Tuesday, December 14, 2010

Puff, my magic little dragon

Mallory has had a nighttime cough for the past several weeks. It doesn't strike too much during the day, though it's been known to crop up when she experiences an extreme temperature change (going outside/coming in) or is running around. Mostly though, she has a couple of coughing fits each night where I might get up to give her a drink of water, but mostly we just have to wait it out.

Then, on Sunday night, she had a coughing fit that went on for quite some time. I got up to give her a drink and went back to bed. Still she coughed. A few more minutes passed and then the door to our bedroom opened and she came in. "Mom, look," she said. I took her to the bathroom and turned on the light. Her entire arm was soaked in white foam that she had coughed up. There were a few puddles of it on the floor in the hall. I freaked out. I gave her some Tic Tacs to suck on to help quell the coughing and sat up with her in the rocking chair until she felt better. Then I plugged a vaporizer into the socket in her room, went back to bed for a few hours, and called the doctor's office the minute they opened the following morning.

My doctor couldn't see her all week, and neither could any of the other 3 doctors in the practice, which makes me wonder what the hell kind of a medical system we have. Nonetheless, they recommended us to a medical clinic later that same day and we got in there. It did not take the doctor long to zone in on the problem. I described what had happened and he asked whether Mallory has ever had seasonal allergies (check!) or eczema (check check!), and then he diagnosed her as having Reactive Airway Disease.

Basically, this is a precursor to asthma, and about half of kids with RAD go on to develop asthma as adults. He prescribed her two puffers, one to take twice a day and one to take only when her coughing fits flare up. We've had no coughing fits in the 24 hours that she has been using the other puffer, so that's good. She also enjoys taking the puffs, which I do appreciate, seeing that I am already cramming pills down Captain's throat twice a day and the idea of forcing more medication on anyone would be enough to send me over the edge. Even though cough syrup is not sold for kids under the age of 6 anymore, I have been known to slip Mallory some from time to time, and she doesn't like the taste so it's always been a battle of the wills. I'm glad we don't experience this with the puffer.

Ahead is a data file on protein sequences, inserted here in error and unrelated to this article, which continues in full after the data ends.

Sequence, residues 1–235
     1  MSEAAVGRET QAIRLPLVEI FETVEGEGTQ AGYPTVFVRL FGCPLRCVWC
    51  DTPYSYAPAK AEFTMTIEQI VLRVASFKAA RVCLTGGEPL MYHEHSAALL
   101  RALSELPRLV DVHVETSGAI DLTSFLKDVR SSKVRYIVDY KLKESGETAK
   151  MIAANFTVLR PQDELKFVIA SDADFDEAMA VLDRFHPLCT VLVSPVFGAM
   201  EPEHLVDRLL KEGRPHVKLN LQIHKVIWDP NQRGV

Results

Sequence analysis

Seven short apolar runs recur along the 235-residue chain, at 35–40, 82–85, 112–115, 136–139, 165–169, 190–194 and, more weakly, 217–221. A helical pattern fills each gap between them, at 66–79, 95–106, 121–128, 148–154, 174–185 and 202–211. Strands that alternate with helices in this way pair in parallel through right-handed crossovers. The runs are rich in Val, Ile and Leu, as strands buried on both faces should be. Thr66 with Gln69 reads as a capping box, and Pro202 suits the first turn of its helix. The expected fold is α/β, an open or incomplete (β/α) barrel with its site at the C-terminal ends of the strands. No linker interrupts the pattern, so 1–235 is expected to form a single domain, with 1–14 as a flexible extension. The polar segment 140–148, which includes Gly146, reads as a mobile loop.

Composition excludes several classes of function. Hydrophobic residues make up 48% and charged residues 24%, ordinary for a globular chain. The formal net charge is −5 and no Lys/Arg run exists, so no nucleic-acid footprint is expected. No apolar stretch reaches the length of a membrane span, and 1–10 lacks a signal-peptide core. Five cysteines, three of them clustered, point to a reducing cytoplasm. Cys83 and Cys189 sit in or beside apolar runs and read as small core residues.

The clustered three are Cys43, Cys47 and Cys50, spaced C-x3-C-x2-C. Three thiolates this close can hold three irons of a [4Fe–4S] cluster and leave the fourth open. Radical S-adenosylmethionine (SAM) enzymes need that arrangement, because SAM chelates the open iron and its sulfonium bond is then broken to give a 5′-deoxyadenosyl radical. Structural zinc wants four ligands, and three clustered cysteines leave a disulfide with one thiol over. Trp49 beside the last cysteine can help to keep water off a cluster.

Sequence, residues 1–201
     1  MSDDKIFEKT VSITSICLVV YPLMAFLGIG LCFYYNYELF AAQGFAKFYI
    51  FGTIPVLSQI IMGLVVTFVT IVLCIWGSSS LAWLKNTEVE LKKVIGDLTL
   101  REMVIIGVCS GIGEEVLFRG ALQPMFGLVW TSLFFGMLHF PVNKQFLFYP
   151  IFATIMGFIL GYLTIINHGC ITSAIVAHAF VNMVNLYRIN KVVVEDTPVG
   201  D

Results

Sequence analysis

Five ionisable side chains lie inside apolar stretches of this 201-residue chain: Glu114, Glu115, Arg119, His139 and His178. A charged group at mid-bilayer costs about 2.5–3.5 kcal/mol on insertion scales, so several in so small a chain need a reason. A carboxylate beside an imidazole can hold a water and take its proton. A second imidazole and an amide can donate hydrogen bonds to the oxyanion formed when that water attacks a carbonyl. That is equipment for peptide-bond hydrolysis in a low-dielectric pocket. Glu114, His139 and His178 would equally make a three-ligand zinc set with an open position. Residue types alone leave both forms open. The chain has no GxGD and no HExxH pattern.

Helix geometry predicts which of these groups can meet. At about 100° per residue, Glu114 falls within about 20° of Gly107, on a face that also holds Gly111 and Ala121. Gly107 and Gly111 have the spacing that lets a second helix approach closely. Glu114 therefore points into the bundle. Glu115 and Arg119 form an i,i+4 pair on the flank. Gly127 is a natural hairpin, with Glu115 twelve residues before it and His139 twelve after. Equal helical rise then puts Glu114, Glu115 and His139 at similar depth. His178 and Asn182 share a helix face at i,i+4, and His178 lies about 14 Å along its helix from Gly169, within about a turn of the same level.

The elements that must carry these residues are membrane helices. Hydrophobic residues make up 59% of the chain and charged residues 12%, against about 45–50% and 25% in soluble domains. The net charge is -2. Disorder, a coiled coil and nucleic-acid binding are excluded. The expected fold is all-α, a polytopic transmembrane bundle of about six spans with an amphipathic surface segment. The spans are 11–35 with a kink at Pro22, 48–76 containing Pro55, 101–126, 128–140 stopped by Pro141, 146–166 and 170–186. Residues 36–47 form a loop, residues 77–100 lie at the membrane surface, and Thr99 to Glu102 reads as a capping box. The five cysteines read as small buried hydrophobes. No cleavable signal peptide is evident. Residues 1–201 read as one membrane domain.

Still... it's a puffer. And it's a chronic disease. And it's sad to face that kind of diagnosis for one of your kids. Especially when you are an active person, and you hope for that kind of life for your child, too. I know there's no guarantee that Mallory will be athletically inclined, nor is there a guarantee that asthma would prevent her from participating in anything, but you know the two are linked and it could make it that much harder for her. Yes, I know it could be worse, and I am thankful that her treatment is 'only' a puffer - she does not have it too bad, compared to a lot of other sick kids out there. I just hope that she'll be in the half of the population that outgrows this, and doesn't have to deal with it for her entire life.


Anonymous said...

Careful with cough syrup, many of the o/c kinds say on their labels that it is counter-indicated with asthma

Carrie said...

Thanks for the tip! Did not know that. The puffer seems to clear the cough up nicely on its own, so hopefully this is the end of my clandestine cough syrup days.

Anonymous said...

Ask to see a pediatrician from your family doctor to make sure that is she has been diagnosed properly.

megan said...

I would say that 1/2 of kids in Chatham are on a puffer at one time or another. Evelyn has had them on and off, been in the hospital over night for treatments and has been fine for the past few years (and played on every team that has crossed her path). I'm pretty sure Mal will be fine.